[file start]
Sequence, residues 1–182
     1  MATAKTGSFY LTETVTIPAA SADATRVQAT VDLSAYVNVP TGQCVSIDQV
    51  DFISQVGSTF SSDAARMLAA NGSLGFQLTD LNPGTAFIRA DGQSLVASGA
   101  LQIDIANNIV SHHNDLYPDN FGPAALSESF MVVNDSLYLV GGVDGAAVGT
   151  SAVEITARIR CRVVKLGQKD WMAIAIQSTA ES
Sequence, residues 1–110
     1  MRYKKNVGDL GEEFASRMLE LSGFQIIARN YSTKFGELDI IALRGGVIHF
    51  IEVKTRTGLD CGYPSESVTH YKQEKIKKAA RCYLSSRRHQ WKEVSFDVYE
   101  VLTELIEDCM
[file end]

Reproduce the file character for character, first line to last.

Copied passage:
Sequence, residues 1–182
     1  MATAKTGSFY LTETVTIPAA SADATRVQAT VDLSAYVNVP TGQCVSIDQV
    51  DFISQVGSTF SSDAARMLAA NGSLGFQLTD LNPGTAFIRA DGQSLVASGA
   101  LQIDIANNIV SHHNDLYPDN FGPAALSESF MVVNDSLYLV GGVDGAAVGT
   151  SAVEITARIR CRVVKLGQKD WMAIAIQSTA ES
Sequence, residues 1–110
     1  MRYKKNVGDL GEEFASRMLE LSGFQIIARN YSTKFGELDI IALRGGVIHF
    51  IEVKTRTGLD CGYPSESVTH YKQEKIKKAA RCYLSSRRHQ WKEVSFDVYE
   101  VLTELIEDCM